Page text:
Leistikow's DVR 'Monday': The precise execution in Iowa's methodical Holiday Bowl rout
The first Iowa football column of the new year? Might as well be a final look back at one of the most entertaining Hawkeye games of the Kirk Ferentz era.
After some much-needed family time — hopefully you all enjoyed some, too — it felt right to finish the Hawkeyes' 2019 football season with one last version of DVR Monday. Even if it is Thursday as I type this.
There's so much to like about Iowa's 49-24 Holiday Bowl rout of USC. But if I had to use one word to describe it? Methodical.
From the coin toss to the offensive precision that followed and the hard-hitting grit at the finish, this was a methodical Iowa beat-down.
For the fourth straight game, Iowa won the coin toss and elected to receive the football.
That is a notable observation about the Hawkeyes’ willingness to lean on the offense, not their acclaimed defense, to set the tone in what wound up as a four-game win streak to finish the season 10-3. That coincided with running back Tyler Goodson's elevation to the starting lineup.
And for the third time in those four games, the Hawkeyes delivered an opening-drive touchdown. (The only first-drive miss came at Nebraska, but Iowa quickly took a 7-0 lead on a two-play second drive.)
Several first-possession moments stood out in San Diego.
Third-and-9, own 26-yard line: Poor interior pass protection, especially against blitzes, derailed Iowa in early-season losses to Michigan and Penn State. But on this play, the third from scrimmage, the Hawkeyes showed their growth in that area when USC sent a six-man rush.
Mark Kallenberger, making his first start at left guard, first helped left tackle Alaric Jackson on his man, then did a great job sliding up in protection to pick up blitzing linebacker Juliano Falaniko. Iowa also kept in Goodson and Mekhi Sargent to give Nate Stanley a clean pocket — seven blockers on six — and the strong-armed quarterback wedged a 10-yard strike to Brandon Smith between two defenders to move the chains. A three-and-out there and maybe the complexion of the game changes.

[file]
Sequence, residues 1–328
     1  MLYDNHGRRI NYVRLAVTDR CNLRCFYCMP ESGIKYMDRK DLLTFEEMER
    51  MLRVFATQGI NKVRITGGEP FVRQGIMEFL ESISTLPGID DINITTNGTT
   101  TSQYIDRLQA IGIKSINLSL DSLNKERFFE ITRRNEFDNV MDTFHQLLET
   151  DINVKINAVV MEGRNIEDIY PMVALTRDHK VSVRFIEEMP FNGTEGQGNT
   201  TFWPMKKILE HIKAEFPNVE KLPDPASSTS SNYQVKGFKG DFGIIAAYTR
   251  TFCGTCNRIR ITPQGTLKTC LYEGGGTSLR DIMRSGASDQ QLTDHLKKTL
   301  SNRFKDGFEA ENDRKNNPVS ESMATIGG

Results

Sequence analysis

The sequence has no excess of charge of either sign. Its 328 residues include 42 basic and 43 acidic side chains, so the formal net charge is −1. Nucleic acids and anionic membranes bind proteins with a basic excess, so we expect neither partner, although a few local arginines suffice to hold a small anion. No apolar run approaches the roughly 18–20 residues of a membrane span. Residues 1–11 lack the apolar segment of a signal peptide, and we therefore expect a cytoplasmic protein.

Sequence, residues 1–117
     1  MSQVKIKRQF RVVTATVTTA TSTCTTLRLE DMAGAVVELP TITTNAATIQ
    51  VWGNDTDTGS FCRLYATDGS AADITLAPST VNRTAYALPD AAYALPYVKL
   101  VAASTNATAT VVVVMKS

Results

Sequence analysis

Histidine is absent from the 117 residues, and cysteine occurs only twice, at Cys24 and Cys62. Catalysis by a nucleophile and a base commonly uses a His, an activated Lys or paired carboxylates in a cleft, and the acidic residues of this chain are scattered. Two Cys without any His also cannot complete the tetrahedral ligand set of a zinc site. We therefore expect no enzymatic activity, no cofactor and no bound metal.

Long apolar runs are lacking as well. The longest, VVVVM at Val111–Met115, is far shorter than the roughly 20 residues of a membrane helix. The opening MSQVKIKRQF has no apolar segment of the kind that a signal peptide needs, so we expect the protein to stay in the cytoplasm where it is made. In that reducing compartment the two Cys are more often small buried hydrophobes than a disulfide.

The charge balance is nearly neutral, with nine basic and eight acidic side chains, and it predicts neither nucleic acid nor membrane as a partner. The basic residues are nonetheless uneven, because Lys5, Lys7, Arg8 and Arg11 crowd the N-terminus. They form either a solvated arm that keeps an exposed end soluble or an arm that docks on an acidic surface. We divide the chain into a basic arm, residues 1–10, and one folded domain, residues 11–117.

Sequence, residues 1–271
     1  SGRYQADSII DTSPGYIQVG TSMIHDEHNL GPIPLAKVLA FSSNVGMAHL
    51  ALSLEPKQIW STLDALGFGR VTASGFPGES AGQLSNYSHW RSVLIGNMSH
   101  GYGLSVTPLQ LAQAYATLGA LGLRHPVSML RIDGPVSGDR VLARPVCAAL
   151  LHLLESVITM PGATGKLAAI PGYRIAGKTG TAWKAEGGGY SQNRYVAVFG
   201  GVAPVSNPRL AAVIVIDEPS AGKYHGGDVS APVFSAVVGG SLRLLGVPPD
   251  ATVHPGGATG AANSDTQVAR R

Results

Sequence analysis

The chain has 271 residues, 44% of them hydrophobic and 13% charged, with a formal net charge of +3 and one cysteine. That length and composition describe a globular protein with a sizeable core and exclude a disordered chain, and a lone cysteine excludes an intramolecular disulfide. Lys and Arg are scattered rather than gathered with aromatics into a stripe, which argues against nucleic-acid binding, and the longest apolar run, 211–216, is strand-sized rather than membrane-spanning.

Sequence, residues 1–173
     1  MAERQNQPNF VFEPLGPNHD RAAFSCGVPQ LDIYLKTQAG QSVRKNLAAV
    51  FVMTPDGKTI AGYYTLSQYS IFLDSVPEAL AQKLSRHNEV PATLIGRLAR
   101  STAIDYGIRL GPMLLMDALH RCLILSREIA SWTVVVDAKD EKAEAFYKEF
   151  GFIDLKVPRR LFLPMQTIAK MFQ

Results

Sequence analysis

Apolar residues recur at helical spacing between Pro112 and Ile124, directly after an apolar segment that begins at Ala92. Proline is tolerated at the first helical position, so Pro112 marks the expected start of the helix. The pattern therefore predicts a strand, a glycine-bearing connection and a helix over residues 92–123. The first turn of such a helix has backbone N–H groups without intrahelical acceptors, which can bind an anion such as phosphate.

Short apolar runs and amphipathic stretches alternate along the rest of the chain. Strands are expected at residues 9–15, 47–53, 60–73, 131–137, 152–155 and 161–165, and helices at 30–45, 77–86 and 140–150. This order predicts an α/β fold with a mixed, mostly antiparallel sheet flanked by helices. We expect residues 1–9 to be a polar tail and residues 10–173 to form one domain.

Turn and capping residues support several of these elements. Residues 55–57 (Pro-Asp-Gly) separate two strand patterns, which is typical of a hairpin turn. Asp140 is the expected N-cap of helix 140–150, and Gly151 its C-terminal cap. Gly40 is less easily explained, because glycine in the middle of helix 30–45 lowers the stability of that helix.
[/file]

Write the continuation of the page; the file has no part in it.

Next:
Second-and-7, own 39: Offensive coordinator Brian Ferentz used his fifth different personnel group in five plays, this time going with three wide receivers and two running backs and an empty backfield. Getting Goodson out wide showed the true freshman’s versatility. Stanley recognized Goodson had ample cushion from his defender, and hit him on a quick curl for an easy 7 yards and first down. Iowa was moving the chains, setting the tone and confusing a young USC defense with unpredictable looks and play calls.
First-and-10, USC's 44: This time, Iowa failed to protect the blitz. But true to its ball control form (Iowa finished with its sixth turnover-free game of the season), even when Taiano Hufanga strip-sacked Stanley, the man he beat, Nate Wieting, alertly raced to the sideline to scoop the ball. Had the fifth-year senior not made that heady play, USC would’ve had early momentum. Instead, Iowa kept control as Stanley hit Nico Ragaini for 30 yards on the next play. Tyrone Tracy Jr. scored from 23 yards out on the next.
Fox analyst Joel Klatt said that Iowa coaches 'feel like Sam LaPorta is their next great tight end.'